The abandonment of the demand for remote learning underscores the need for rank-and-file educators to take the fight out of the hands of the CTU. This means building the Chicago Educators’ Rank-and-File Safety Committee and fighting to mobilize workers throughout the city to close the schools and non-essential businesses, while allocating the resources for virtual learning and compensating workers for lost income.

Contrary to claims by Mayor Lightfoot and the national corporate media, teachers have widespread support from working-class parents and young people in the city.

“I 100% support” the Chicago teachers, Briana, a parent of a Chicago Public Schools student told the WSWS. “The fact of the matter is that the investments CPS made before the start of the school year still fall short of what many of the schools need in order to safely protect students and staff. Furthermore CPS is just outright lying to Chicago families about the cleanliness of schools as well as the transmission rates at schools. A study that conflicts with CPS showed that school has the highest rate of transmission compared to any other place for children.

“Many schools with older buildings needed major upgrades even before the pandemic started. If CPS really cared about their students the way they claimed, we would’ve seen a growth in the amount of funding and resources that at the very least matches that of CPD (Chicago Police Department).

“Bottom line, I truly believe that CPS doesn’t care if children and staff are safe. They just care that parents are back to work.

“While I understand that not every parent has the support systems in place to accommodate remote learning and that not every child thrives in remote learning, I’d rather my child fall a bit behind and live than have to deal with long haul Covid issues or even worse, burying my child.”

Chicago teachers in forefront of nationwide fight to close schools as COVID-19 infections reach record levels

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More than 20,000 Chicago educators are entering their second week of struggle to demand virtual-only classes as teachers, parents and students across the country demand protection from the spread of COVID infections.

On Sunday night, school district officials announced that classes would be canceled on Monday for the fourth consecutive school day. After educators voted overwhelmingly last Tuesday to teach remotely until January 18, Democratic Mayor Lori Lightfoot locked educators out of their online work accounts, preventing them from conducting online classes with their students or communicating with parents.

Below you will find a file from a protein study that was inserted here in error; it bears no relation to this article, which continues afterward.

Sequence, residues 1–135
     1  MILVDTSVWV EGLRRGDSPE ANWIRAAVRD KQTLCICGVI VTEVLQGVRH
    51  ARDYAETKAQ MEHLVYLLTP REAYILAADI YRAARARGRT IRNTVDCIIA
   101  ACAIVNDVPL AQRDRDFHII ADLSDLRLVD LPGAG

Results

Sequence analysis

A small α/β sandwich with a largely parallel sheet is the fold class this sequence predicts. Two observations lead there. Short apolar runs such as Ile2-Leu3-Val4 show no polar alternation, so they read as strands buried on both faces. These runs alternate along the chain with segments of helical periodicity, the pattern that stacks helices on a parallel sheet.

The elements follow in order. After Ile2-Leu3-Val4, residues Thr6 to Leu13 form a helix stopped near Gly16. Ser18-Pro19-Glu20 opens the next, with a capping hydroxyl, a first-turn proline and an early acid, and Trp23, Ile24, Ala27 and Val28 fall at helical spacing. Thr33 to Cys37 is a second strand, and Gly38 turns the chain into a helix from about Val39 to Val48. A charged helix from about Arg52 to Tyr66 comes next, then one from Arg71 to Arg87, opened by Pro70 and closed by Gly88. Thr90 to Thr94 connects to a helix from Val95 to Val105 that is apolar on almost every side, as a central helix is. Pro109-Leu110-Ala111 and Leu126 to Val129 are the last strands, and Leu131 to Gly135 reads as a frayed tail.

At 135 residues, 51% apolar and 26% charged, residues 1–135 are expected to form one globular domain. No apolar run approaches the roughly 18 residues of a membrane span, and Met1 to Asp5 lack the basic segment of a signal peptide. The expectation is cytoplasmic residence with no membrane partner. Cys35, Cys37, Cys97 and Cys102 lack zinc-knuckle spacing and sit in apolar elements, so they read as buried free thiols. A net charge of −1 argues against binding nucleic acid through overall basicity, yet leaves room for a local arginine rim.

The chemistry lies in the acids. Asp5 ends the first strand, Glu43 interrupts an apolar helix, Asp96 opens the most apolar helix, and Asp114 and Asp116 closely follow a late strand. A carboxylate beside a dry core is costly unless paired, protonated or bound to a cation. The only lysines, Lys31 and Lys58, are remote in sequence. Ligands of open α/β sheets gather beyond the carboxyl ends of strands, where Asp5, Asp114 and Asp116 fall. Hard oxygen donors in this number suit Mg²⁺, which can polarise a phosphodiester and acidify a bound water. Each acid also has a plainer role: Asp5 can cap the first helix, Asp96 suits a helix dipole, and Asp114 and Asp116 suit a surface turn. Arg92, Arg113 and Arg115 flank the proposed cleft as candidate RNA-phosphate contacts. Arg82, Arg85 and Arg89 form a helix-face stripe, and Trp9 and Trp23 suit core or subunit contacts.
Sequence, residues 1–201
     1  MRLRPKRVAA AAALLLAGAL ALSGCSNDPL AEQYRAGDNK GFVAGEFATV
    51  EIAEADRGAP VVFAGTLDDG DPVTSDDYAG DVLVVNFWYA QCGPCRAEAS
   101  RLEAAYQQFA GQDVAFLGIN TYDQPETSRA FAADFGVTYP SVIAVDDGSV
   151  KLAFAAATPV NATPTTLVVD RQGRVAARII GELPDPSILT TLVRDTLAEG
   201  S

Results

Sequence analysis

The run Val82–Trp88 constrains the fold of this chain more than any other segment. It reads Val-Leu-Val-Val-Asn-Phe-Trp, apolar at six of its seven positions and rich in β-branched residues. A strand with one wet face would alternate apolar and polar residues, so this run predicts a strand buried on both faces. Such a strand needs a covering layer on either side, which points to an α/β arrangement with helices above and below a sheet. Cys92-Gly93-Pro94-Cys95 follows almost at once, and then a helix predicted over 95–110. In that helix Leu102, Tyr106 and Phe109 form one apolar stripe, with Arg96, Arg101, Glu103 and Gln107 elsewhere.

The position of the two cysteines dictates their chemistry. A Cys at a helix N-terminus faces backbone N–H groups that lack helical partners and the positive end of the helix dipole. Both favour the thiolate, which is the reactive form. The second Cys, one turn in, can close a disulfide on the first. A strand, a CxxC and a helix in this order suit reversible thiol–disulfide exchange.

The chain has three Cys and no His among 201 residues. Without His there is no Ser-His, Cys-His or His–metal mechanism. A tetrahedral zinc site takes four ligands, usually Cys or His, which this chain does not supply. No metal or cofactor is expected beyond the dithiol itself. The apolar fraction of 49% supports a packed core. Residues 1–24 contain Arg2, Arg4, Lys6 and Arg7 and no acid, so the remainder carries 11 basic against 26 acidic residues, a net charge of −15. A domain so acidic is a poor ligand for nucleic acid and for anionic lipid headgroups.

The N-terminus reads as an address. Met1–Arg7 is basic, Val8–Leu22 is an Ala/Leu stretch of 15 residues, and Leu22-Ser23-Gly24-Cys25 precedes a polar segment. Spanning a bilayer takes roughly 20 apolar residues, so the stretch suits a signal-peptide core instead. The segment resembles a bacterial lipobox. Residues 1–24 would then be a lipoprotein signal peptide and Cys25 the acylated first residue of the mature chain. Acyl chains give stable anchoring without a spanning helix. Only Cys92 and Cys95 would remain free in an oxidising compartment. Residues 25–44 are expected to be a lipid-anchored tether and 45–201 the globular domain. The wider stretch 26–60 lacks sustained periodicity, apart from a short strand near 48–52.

Teachers protest for stronger COVID-19 safety protocols outside Oakland Unified School District headquarters on Friday, Jan. 7, 2022, in Oakland, Calif. (AP Photo/Noah Berger)

The courageous stand by rank-and-file educators has prevented hundreds of thousands of Chicago students from contracting COVID in school as the pandemic rages. Chicago and Illinois are setting COVID case and hospital records and the Cook County Medical Examiner’s Office last week announced officials have started deploying trailers to hospitals “to help decompress their morgues if necessary” as they treat the most COVID patients they’ve ever seen.

In a national television appearance on NBC’s “Meet the Press” Lightfoot reiterated her claims that teachers were engaged in an “illegal strike,” saying they had “abandoned their posts and they abandoned kids and their families.” The mayor said her administration was “working diligently every single day at the bargaining table to narrow the differences and get a deal done” but ruled out any virtual-only classes. Lightfoot’s own chief of staff extended the ability for the mayor’s office staff to work from home for at least another week.

A teacher tweeted her reply to Mayor Lightfoot’s lying claim that the best and safest place for children is a classroom in the midst of the pandemic. “The best, safest place for my students right now is NOT my in-person classroom,” she stated. “Because I have Covid. Which I caught in my classroom to begin with.” Illinois teachers also responded enthusiastically to statements by students and teachers in Germany supporting their struggle. One said, “As a German teacher, I love this!”